MPCCC researchers at Monash University and Cabrini are using cutting-edge techniques to grow a patient’s three- dimensional tumour outside the body.
In what is the ultimate form of personalised medicine, this “mini laboratory” can then be used as a quick and cost effective way to study tumour biology and determine the best treatment for an individual’s cancer.
The researchers from the Monash Biomedicine Discovery Institute (BDI) have created an exceptional biobank of over 30 mini-gut organoids developed from tissue from colorectal cancer patients attending the Cabrini Hospital in Melbourne.
According to Associate Professor Helen Abud from the Monash BDI, who is leading the research team, the aim is to develop a biobank of more than 100 organoids that will be used to study the differences in how individual tumours grow and what can modify tumour expansion.
“These organoids have the same properties or traits that are seen in the patient tumour from which they are derived and can serve as an innovative platform for both cancer research in general and also for personalised cancer treatment,” Associate Professor Abud said.
Associate Professor Abud, who is working with Associate Professor Paul McMurrick who leads the surgical team at Cabrini Hospital, said that the eventual aim of the research will be for surgeons to take a sample of tumour post-diagnosis. These will then be grown into 3D organoids which are effectively mini-models of the real tumour.
“These organoids can then be tested with an array of cancer therapies to determine patient sensitivities to drugs,” Associate Professor Abud said.
“This is either to determine those treatments that work fastest at getting rid of the tumour, or those that have little effect, thereby avoiding giving patients ineffective treatments. It is the ultimate in personalised medicine.”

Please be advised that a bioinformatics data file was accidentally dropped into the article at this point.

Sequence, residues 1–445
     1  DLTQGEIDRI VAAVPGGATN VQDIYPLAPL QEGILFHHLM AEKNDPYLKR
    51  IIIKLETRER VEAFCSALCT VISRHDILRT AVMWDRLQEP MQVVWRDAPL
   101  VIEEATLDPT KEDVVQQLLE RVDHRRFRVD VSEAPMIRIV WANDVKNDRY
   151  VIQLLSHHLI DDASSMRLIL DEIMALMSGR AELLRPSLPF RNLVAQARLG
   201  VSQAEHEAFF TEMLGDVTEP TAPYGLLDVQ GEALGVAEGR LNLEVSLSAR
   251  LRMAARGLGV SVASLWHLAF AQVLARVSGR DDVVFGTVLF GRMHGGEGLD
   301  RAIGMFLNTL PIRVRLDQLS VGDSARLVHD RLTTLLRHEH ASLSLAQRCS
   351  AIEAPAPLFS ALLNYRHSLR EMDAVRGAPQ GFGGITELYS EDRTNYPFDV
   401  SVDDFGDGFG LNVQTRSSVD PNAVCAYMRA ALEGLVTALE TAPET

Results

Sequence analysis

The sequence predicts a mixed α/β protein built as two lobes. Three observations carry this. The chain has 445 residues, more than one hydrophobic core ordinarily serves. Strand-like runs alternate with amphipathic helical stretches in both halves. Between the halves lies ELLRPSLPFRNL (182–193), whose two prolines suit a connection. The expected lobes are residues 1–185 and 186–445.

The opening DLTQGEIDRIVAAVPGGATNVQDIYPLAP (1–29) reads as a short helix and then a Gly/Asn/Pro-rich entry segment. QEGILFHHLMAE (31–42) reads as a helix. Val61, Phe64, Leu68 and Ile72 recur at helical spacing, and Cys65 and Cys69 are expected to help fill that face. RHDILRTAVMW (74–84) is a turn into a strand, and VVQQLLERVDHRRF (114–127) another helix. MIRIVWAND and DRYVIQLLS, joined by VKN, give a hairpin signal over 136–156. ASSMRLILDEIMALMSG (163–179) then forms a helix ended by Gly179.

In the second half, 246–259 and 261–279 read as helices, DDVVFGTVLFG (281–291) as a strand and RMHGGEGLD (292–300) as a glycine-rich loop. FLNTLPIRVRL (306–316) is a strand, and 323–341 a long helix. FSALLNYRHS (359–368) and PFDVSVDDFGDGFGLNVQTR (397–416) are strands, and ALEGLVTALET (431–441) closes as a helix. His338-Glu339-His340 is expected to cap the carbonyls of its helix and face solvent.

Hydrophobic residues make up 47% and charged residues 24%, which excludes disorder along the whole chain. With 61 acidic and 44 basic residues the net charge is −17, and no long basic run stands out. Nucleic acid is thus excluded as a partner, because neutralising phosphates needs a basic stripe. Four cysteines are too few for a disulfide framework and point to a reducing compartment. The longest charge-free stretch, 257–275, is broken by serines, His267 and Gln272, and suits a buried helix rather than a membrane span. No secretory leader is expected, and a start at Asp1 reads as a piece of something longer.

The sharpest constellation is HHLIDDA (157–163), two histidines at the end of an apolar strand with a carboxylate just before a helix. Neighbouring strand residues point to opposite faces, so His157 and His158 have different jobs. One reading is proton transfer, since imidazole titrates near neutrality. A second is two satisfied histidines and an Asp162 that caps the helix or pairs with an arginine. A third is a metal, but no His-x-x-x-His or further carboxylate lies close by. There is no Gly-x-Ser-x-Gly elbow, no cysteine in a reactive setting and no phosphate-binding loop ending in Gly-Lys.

The biobank – which Associate Professor Abud hopes to number over 100 organoids by next year, will also provide an ongoing living biobank of tissue that can be used to test and validate new drugs and targets and to model a cancer’s resistance to therapy.
The biobank will also be used to trial early detection methods, examine interactions with molecules and microbes and test new treatment strategies.
“By finding drug candidates using these organoids, we hope to screen and take a lot of the guesswork out of the early clinical trial phases,” Associate Professor Abud said.
Associate Professor McMurrick said that the ability for a patient’s tissue to be rapidly turned into a mini laboratory for finding the best drugs to be used clinically is a “game changer”.
“Some patients may be able to have a substantial aspect of their management changed by the results of organoid studies. We may be able to select patients who will respond to chemotherapy and radiation, versus those who need surgery alone,” Associate Professor McMurrick said.
Professor John Carroll, Director of the Monash BDI, explained the significance of the organoid research carried out in the Abud laboratory.
“This is exciting research with real life implications for patients, and is also being extended to study patients with prostate and breast cancer,” Professor Carroll said.
“The organoid research exemplifies what the Monash Biomedicine Discovery Institute is about: taking early discovery research, utilising an array of scientists with different skill sets, and taking the research all the way through to the clinic and assisting in patient care.”
A patient of Professor McMurrick’s, Melissa Monk, is a bowel cancer survivor, with a genetic predisposition to the disease. She said the research being done by Professors Abud and McMurrick “is crucial to those of us who have or had bowel cancer, and more importantly to those who might get it later on. If this research can help determine better, faster and safer treatments for this disease then that is an exceptional outcome,” Ms Monk said.
This news also featured in the Herald Sun on 13 Nov: new-treatment-involving-mini-guts-could-help-doctors-determine-the-best-way-to